Tweet of the day

Midterm roundup

Progressive activist Nina Turner is making another run for Congress, setting up a rematch with Rep. Shontel Brown, D-Ohio, who beat Turner in a special election primary last year, NBC’s Henry Gomez reports.

Speaker Nancy Pelosi, D-Calif., announced yesterday that she is running for re-election.

Sen. Mark Kelly, D-Ariz., who is facing a tough re-election fight this year, does not support the Arizona Democratic Party’s decision to censure fellow Democratic Sen. Kyrsten Sinema, NBC’s Leigh Ann Caldwell reports from the Grand Canyon State.

Former President Donald Trump encouraged former State Department spokeswoman Morgan Ortagus to run for the now-open Tennessee 5th District House seat, saying in a statement yesterday she would have his endorsement if she runs.

Rep. Marjorie Taylor Greene, R-Ga., took sides in the Ohio GOP Senate primary, endorsing “Hillbilly Elegy” author JD Vance, calling Vance “100% pro-life, pro-2nd Amendment and pro-Trump.” Greene will campaign with Vance on Sunday, per a Vance campaign press release.

Gov. Ron DeSantis, R-Fla., has a new TV ad on OANN attacking Dr. Anthony Fauci and advertising the campaign’s Fauci flip-flops.

Data Download: The number of the day is … 65

That’s the percentage of Americans in the new NBC News poll who say they are more concerned about kids falling behind at school, versus 30 percent who say they are more concerned about the spread of the coronavirus.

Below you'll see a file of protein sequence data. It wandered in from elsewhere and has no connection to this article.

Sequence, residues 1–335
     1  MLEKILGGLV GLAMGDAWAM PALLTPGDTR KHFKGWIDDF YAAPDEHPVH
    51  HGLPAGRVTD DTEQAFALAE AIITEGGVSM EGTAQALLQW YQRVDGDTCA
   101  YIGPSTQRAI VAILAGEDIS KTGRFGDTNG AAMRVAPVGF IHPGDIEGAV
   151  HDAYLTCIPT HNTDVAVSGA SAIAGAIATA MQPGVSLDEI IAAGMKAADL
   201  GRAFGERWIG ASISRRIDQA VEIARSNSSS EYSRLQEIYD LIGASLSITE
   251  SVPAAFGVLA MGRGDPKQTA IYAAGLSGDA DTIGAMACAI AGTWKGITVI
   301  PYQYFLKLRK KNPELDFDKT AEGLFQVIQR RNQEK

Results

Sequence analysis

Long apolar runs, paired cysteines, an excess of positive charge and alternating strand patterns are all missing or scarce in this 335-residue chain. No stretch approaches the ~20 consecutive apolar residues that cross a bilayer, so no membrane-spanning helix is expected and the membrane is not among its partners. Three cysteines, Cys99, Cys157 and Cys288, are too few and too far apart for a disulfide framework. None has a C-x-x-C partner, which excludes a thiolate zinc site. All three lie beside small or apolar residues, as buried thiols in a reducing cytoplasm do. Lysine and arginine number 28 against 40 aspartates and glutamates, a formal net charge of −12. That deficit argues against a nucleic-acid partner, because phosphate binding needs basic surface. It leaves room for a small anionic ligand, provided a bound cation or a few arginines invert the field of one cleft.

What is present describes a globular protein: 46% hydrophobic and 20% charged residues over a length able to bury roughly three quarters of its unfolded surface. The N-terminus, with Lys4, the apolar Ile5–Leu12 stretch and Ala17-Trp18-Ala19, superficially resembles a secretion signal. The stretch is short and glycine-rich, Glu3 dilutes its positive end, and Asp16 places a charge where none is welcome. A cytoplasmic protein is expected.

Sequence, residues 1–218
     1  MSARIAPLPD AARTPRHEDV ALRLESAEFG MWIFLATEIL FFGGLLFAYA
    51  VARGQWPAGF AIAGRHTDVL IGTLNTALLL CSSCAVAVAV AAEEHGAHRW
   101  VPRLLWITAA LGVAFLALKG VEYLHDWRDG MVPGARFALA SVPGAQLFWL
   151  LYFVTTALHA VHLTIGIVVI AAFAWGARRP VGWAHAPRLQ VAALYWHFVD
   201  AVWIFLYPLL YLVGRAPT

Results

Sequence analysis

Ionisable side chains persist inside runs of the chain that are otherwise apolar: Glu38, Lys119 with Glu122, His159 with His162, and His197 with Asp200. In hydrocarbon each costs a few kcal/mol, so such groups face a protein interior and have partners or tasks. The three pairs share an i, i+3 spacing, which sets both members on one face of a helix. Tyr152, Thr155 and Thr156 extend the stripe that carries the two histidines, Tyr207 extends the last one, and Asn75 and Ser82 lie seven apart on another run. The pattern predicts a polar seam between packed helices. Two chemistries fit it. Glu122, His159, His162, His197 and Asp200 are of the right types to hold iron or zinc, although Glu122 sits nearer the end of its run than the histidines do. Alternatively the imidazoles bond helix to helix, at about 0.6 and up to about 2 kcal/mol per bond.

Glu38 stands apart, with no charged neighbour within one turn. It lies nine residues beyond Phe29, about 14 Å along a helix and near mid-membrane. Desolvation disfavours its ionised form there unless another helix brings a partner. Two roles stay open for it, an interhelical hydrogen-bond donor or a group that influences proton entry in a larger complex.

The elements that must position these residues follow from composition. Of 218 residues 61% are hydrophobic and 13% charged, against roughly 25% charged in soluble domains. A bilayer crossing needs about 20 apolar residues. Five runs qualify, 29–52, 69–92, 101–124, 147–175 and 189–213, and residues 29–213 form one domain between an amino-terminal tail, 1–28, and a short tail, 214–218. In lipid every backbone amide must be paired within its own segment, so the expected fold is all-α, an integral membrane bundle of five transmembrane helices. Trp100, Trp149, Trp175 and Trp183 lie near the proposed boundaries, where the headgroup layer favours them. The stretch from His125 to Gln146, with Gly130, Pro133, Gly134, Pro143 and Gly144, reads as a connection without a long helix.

Eighty-seven percent of Republicans, 66 percent of independents, 79 percent of dads, 65 percent of moms, 71 percent of whites and 59 percent of Hispanics all agree that kids falling behind outweigh the risks of spreading the virus during in-person school.

But Democrats are far more divided on the issue — 51 percent said they were more concerned about in-person school spreading the virus, while 43 percent said they were more concerned about kids falling behind.

The only other big group with a majority more worried about the in-person spread at schools are Black voters — 52 percent shared that belief, compared to the 40 percent more concerned about kids falling behind.

Other numbers you need to know today

13 percent: The share of congressional staffers who make less than a living wage (pegged at $42,610 for a single adult with no kids in D.C.), per a new Issue One study shared with Roll Call.

$5.4 million: That’s how much Georgia GOP Senate hopeful Herschel Walker says his campaign raised during the fourth quarter of 2021.

$21.5 million: How much money South Carolina GOP Sen. Tim Scott had on hand for his campaign heading into 2022.

29: The number of House Democrats, now that Tennessee Rep. Jim Cooper announced his retirement, who are not running for re-election.

ICYMI: What else is happening in the world

Market-watchers expect the Fed to signal its intent to raise rates in the coming months, with all eyes on its 2 p.m. statement.

Changes to voting laws could be a high-stakes consequence of the Pennsylvania governor’s race, the Philadelphia Inquirer reports.

Here’s why Democrats breathed a sigh of relief as Vice President Kamala Harris touched down in Wisconsin on Tuesday, NBC News’ Natasha Korecki reports.